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One Time, Dealer: On Player's Frustrations

Traveling Tournament Circuit Dealer Answers Your Questions About The Game

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Have you ever wondered what it’s like to be a dealer on the circuit grind? Have a question about behavior, etiquette, or anything else related to running a poker game? Do you want to know what dealers really think about while they’re pitching cards? What it takes to become a dealer? How you should treat dealers? Are dealers people, too?

Send your questions for The Dealer Chick (TDC) to editor@cardplayer.com, and read on for more advice, adventures, and real talk about life on the road for a traveling poker dealer.


On Player’s Frustrations

Sometimes players vent their frustrations on dealers. If somebody is being rude to a dealer at your table, is there anything productive you can do to stand up for the dealer without making things worse?

Signed, Concerned Card Shark


Dear Concerned Card Shark,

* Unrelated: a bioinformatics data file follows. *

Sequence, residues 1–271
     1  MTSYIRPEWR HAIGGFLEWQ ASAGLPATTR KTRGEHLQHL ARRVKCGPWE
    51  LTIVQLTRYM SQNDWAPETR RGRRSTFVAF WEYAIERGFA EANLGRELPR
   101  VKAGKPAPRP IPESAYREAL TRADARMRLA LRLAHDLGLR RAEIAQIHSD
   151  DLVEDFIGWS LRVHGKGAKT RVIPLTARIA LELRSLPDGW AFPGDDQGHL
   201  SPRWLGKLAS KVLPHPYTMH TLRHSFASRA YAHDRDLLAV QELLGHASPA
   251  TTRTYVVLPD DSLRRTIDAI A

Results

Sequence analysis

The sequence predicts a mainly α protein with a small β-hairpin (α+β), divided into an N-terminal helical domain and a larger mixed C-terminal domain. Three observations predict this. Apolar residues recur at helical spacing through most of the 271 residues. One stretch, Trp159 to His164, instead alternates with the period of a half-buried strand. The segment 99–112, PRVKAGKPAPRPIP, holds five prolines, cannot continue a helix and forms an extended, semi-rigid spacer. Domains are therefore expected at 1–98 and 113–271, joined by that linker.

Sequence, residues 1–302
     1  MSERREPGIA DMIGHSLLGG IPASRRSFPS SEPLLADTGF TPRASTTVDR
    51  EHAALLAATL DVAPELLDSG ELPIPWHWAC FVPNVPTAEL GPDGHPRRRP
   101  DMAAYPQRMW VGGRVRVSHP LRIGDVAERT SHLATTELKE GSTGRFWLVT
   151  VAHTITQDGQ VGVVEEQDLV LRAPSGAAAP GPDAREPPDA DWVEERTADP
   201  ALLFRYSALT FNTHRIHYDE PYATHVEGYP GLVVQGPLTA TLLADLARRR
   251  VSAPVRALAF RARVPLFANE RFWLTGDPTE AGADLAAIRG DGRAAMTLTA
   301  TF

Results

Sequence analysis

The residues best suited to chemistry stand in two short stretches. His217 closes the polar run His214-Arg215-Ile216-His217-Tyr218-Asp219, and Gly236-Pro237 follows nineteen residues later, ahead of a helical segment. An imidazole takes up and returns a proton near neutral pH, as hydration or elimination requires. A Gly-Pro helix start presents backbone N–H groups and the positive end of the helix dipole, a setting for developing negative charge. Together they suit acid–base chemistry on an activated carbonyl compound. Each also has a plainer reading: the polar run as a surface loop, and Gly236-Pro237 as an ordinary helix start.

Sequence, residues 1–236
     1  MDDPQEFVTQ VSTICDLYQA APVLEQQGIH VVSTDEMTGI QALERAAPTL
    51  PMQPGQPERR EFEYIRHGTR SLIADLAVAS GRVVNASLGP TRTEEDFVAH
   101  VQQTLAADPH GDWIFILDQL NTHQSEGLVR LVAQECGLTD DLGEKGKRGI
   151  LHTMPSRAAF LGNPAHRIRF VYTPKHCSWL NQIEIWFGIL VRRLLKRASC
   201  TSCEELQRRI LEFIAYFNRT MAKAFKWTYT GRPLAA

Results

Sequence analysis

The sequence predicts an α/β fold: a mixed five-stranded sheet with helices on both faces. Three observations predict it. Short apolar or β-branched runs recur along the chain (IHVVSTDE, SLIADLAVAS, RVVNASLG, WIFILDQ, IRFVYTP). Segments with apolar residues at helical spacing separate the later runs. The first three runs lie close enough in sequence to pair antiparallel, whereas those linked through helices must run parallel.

There are two answers to your inquiry. Let’s get the short one out of the way first: call the floor.

Done, easy.

And the long answer is: call the floor (and hope for the best?)

Cue the confusion. Yes, saying call the floor twice is redundant, but let’s think about this.

As dealers, we are taught many steadfast rules, and a few flexible follow-your-gut rules, too, but the one rule for dealers that never, ever, ever changes is this: when in doubt, when anything out of the ordinary happens, when a player gets argumentative or downright mouthy, or you’re just not sure if you can deal that new guy in on the button in a tournament, you call the floor.

Make the floor the bad guy. Always. It’s not because the blood stains don’t show up as well on a suit. Dealer black hides all, trust me. It’s not solely because of tips, either, although that is a consideration. The Call the Floor mandate exists because dealers cannot take sides. We are required to be impartial facilitators of the game. The Floors are there to render a decision, regardless of who it upsets.